This blog won’t make any sense to you unless you start at the start: here
Due to a few health concerns I left this lovely place fall by the wayside. Sorry if you’ve missed me. At any rate I don’t know when I’ll be back again to tend my strange little garden, so let’s call this a wrap for now. I hope you’re all in a good place. My love to you all.
I’ve been a fan of hers for years. Always striking, often defies gender and even sometimes human appearance, and she’s talented as hell. W Magazine just did a kickass piece on her, full of some sensational photography. Always challenging what “woman” is, and playing with the lines of alienation, popularity and just plain “cool”, it’s Tilda Swinton.
Click here for W Magazine spread.
Now that I’m in Scandinavia I’ve come into contact with some killer art and music that unfortunately never seems to make it across the ocean to the states, where the pop culture scene is slowly turning into a Jerry Lewis telethon desperately calling for help in the originality department. ESPECIALLY when it comes to women artists. Frankly I’m tired of hearing about life “in the club” and demands to be yourself when you can’t tell the singer from the H&M-on-acid clad dancers, with the exception of a little more tits or a little more synthetic hair shown.
Thank God for iamamiwhoami, fronted by Jonna Lee. My best friend Sarah got me into her not 24 hours ago and I can’t stop listening and re-listening and re-watching. The videos are noted for their abstract concepts, seriously hauntng images, their use of animals, numeric codes and spookily lone letters as titles. My favorite one at the moment is the increasingly melodic, frenetic and fairy-esque “t”. The video makes me think of Anton Corbijn with color and more estrogen. She’s my new favorite artist and featured Woman in Art.
I welcome all suggestions for featured women in art, the stranger, the better. I will plug the hell out of them here. Just message me!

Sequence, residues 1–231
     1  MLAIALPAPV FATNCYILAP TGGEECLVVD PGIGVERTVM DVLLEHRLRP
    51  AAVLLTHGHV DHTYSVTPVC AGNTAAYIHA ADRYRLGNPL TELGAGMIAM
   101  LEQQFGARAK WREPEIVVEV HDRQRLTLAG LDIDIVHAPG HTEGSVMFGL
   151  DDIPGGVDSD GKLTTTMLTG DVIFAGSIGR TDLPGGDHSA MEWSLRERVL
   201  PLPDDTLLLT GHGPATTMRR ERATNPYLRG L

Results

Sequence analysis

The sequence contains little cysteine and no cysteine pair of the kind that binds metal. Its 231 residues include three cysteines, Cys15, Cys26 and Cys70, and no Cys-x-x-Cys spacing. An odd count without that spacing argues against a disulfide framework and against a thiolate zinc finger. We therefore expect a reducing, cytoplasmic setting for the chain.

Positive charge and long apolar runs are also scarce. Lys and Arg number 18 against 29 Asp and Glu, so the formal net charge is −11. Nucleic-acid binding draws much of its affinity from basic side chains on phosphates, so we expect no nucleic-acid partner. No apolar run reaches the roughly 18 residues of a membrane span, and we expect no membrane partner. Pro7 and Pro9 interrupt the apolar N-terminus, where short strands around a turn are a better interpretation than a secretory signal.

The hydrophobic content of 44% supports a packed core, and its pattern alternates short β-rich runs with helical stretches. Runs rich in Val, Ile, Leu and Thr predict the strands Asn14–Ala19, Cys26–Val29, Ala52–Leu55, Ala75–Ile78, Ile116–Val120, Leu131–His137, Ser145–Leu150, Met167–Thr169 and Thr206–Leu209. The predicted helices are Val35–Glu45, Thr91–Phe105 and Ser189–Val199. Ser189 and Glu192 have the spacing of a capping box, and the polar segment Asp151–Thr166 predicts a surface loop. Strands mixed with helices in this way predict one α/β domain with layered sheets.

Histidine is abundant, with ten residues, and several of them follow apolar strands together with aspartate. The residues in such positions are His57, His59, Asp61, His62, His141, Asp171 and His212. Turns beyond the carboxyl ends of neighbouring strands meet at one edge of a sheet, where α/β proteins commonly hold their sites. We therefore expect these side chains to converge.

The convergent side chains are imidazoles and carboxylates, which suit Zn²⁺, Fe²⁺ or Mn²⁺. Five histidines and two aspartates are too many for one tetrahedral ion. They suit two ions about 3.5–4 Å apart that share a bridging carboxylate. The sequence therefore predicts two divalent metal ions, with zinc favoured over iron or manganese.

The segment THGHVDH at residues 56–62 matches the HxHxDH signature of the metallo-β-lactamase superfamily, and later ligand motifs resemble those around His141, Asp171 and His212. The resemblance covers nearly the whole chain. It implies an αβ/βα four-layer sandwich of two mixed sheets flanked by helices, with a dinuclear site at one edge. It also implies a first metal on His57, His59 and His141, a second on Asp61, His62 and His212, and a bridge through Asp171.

Hi friends — if I still have any on this site — and hello to the strangers who tumble onto this blog taking some shelter from the netstorm.
What the fuck happened?
I got married, for starters heheh. I got engaged in 2009 as some of you may remember, and moved to Norway in June 2010. I’ve been playing the get-settled game since then. I’m now working freelance as an editor and translator, proofer, writer, and all things Adobe-er. Building a client base has been slow, but the few I do have are fantastic and well known in their fields. I’m primarily working for people in the film and advertising industries.
I had a very affecting experience last year on the woman front, so to speak. I had ovarian surgery, my very first surgery as well, and it all brought me to a very compelling and occasionally scary place in my own personal evolution. The experience of being anesthetized alone is worth a thousand blog entries. But anyway, all is well, I am in good health again, married life is good.
I am working on new material for two projects and looking for full time work. This is pretty much my day these days.
On this day where we celebrate the #1 Women in our lives, please remember how much work there is to do for every woman to be as loved as we love “mother”, whoever that woman is for you. Happy Mother’s Day.